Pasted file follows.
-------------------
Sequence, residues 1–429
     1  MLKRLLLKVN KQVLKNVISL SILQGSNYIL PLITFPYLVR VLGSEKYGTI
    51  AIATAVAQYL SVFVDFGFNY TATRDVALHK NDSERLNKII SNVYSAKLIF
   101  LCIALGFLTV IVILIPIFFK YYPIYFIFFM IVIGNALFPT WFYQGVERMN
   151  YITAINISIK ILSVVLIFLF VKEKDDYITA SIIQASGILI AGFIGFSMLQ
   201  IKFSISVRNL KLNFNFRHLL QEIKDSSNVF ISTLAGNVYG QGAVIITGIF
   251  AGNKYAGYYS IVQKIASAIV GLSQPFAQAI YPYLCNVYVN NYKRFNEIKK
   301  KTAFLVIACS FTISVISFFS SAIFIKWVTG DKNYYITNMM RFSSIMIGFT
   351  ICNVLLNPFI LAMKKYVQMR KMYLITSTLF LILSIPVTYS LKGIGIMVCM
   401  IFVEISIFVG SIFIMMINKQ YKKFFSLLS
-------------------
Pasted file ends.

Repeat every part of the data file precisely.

Sequence, residues 1–429
     1  MLKRLLLKVN KQVLKNVISL SILQGSNYIL PLITFPYLVR VLGSEKYGTI
    51  AIATAVAQYL SVFVDFGFNY TATRDVALHK NDSERLNKII SNVYSAKLIF
   101  LCIALGFLTV IVILIPIFFK YYPIYFIFFM IVIGNALFPT WFYQGVERMN
   151  YITAINISIK ILSVVLIFLF VKEKDDYITA SIIQASGILI AGFIGFSMLQ
   201  IKFSISVRNL KLNFNFRHLL QEIKDSSNVF ISTLAGNVYG QGAVIITGIF
   251  AGNKYAGYYS IVQKIASAIV GLSQPFAQAI YPYLCNVYVN NYKRFNEIKK
   301  KTAFLVIACS FTISVISFFS SAIFIKWVTG DKNYYITNMM RFSSIMIGFT
   351  ICNVLLNPFI LAMKKYVQMR KMYLITSTLF LILSIPVTYS LKGIGIMVCM
   401  IFVEISIFVG SIFIMMINKQ YKKFFSLLS